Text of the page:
Marcella M. Egan

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Marcella M. Egan

A caregiver reflects on 'the good life'

Photo of Marcella Egan with her partner, who is an a hospital bed

After her partner was diagnosed with cancer, Marcella Egan (standing) became her caregiver.

Photo courtesy of Marcella Egan

June 7, 2017 | By Marcella M. Egan

I thought I found the good life many times. In fact, my concept of the good life would change as I got older. What may come as a bigger surprise is that I actually discovered the good life once my partner was diagnosed with cancer. Let me explain:

At 16, 18, 21 and even 30 years old I thought I had it all. I always had nice cars, great jobs, an education, and friends I could party with and have a good time with. What could be better? The world revolved around me.

Then, at 32, everything changed. My partner was diagnosed with an aggressive and incurable blood cancer, multiple myeloma.

[The writer] David Foster Wallace said it best in [his speech,] “This is Water”: “There is no experience you have had that you are not the absolute center of.” Ego (our default setting) and self-centeredness are evil things that I feel will ultimately keep us from the good life. Wallace also said: “The so-called real world will not discourage you from operating on your default settings, because the so-called real world of men and money and power hums along merrily in a pool of fear and anger and frustration and craving and worship of self.”

It was then, at 32, I knew I had it all wrong. How could I have been wrong all this time? I was the person so frustrated after a 10- to 12-hour day at work that I needed to go out with those friends, have a beer and unwind, and, well, bitch about how unhappy I was at my great job. I was also the person who was aggravated in the checkout line at the grocery store because the elderly couple was writing a check or because the mother of three was trying to shuffle through her purse for coupons and keep control of her kids. I was that awful person who never thought about what those people might be going through. I never put myself in anyone’s shoes.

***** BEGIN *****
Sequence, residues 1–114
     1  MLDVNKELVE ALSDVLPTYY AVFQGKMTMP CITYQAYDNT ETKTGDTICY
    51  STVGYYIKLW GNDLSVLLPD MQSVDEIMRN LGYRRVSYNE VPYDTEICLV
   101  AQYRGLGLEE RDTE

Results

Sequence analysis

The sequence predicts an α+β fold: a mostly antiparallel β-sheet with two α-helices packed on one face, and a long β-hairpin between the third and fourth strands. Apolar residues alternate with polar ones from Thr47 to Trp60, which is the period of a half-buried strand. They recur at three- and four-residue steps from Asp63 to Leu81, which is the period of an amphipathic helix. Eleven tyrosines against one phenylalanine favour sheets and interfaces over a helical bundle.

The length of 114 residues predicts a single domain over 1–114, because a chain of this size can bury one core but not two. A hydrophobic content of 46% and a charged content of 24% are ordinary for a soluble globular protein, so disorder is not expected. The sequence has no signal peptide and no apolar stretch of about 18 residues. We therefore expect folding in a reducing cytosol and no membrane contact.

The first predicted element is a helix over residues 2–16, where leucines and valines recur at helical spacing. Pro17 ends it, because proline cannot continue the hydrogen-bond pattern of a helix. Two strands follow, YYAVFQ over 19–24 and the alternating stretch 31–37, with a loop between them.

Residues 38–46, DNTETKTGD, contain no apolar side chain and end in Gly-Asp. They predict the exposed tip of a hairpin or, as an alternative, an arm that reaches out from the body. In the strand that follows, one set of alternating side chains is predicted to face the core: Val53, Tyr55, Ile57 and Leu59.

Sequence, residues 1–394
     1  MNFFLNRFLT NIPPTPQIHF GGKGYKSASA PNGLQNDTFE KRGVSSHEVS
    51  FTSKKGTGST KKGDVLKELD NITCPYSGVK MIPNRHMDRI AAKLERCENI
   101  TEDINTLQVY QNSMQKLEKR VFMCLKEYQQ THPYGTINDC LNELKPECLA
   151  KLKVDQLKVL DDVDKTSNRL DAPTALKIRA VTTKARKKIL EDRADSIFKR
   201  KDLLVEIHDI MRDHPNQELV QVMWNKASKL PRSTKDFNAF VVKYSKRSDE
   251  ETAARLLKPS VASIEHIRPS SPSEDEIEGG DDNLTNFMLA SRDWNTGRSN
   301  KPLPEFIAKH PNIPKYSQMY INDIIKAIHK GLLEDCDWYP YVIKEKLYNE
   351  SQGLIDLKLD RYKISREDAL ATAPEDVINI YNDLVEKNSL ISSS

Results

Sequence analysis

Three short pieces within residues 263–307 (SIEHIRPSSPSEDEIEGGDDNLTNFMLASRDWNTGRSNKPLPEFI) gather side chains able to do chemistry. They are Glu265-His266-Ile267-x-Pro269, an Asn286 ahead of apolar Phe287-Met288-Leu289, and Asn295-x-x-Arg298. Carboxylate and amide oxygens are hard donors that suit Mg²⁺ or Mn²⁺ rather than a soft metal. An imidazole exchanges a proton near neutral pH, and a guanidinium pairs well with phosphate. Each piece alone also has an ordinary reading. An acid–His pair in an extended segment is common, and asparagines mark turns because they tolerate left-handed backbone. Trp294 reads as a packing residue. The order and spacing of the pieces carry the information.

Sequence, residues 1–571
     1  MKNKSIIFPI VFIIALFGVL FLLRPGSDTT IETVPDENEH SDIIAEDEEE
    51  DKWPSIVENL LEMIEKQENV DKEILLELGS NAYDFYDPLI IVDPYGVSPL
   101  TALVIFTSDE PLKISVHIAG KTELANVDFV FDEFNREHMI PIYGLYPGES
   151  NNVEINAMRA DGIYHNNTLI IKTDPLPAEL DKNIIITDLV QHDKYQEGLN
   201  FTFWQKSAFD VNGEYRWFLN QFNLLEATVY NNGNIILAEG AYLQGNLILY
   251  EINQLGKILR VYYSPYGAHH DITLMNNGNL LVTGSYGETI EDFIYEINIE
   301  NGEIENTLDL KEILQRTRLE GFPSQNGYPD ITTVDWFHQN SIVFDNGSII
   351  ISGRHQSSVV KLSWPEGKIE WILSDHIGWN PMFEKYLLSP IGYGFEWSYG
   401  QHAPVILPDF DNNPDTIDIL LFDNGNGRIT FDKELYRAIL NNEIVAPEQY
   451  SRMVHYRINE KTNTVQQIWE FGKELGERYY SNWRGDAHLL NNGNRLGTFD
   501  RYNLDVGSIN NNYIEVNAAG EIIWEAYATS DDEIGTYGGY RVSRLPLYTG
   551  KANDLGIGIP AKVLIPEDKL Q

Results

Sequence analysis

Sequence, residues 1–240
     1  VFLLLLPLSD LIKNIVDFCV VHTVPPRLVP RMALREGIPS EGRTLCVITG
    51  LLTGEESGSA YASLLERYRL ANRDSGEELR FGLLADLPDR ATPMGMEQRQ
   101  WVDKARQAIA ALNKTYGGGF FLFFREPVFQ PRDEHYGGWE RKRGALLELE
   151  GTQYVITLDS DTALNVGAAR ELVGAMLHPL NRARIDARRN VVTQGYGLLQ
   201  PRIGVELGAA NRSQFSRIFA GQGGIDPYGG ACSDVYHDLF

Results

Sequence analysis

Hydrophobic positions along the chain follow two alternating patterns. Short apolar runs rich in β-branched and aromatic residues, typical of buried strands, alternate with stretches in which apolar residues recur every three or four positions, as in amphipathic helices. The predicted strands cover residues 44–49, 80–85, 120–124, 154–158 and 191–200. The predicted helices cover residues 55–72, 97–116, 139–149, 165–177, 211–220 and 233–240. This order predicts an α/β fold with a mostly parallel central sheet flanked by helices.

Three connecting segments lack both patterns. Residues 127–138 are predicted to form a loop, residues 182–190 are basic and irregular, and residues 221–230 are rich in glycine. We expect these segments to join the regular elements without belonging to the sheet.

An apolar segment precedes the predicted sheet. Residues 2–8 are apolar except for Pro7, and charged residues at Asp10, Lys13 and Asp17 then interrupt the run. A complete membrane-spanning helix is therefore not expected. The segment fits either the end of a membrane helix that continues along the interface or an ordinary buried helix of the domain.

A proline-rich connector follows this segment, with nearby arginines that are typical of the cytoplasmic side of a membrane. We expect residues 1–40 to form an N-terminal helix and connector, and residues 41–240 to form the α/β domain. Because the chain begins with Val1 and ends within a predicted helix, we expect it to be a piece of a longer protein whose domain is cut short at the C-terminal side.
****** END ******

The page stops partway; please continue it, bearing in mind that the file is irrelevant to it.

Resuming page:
Similarly to Siddhartha, I had to go out on my own and try to figure things out — no one was going to tell me what, when, how or why. My ego, like Siddhartha’s, told me that I knew it all and life revolved around me — well, until it didn’t.

Now back to me at 32: I was not working, not hanging out at bars drinking with friends, and not posting great adventures on Facebook. At 32, I became a full-time caregiver to my partner, which entailed doctor appointments, chemotherapy and making sure the kids were OK because they did not understand what was happening to Mom. I would sometimes stay up all night to be sure the new medication she took would not cause a reaction; I would wake to my alarm, sometimes every two hours, to give her the medications she needed.

Suddenly, life was not about me anymore, and that was OK. Soon, I realized that every day was a blessing and a gift. Every day that we wake up living and breathing, that is the good life.

[In “This is Water,”] Wallace talks about “capital-T Truth”. He states: “It is about … simple awareness; awareness of what is so real and essential, so hidden in plain sight all around us, all the time, that we have to keep reminding ourselves, over and over: ‘This is water. This is water.’”

I, like Siddhartha, had it in me all along, I am sure — it just took, in my case, a tragic event to bring it out. Today at 38, yes, sometimes I slip — I am human after all — but I am more patient, kinder and more grateful. I walk in others’ shoes and like life in the slow lane rather than the fast lane. Every breath and every moment is the good life.

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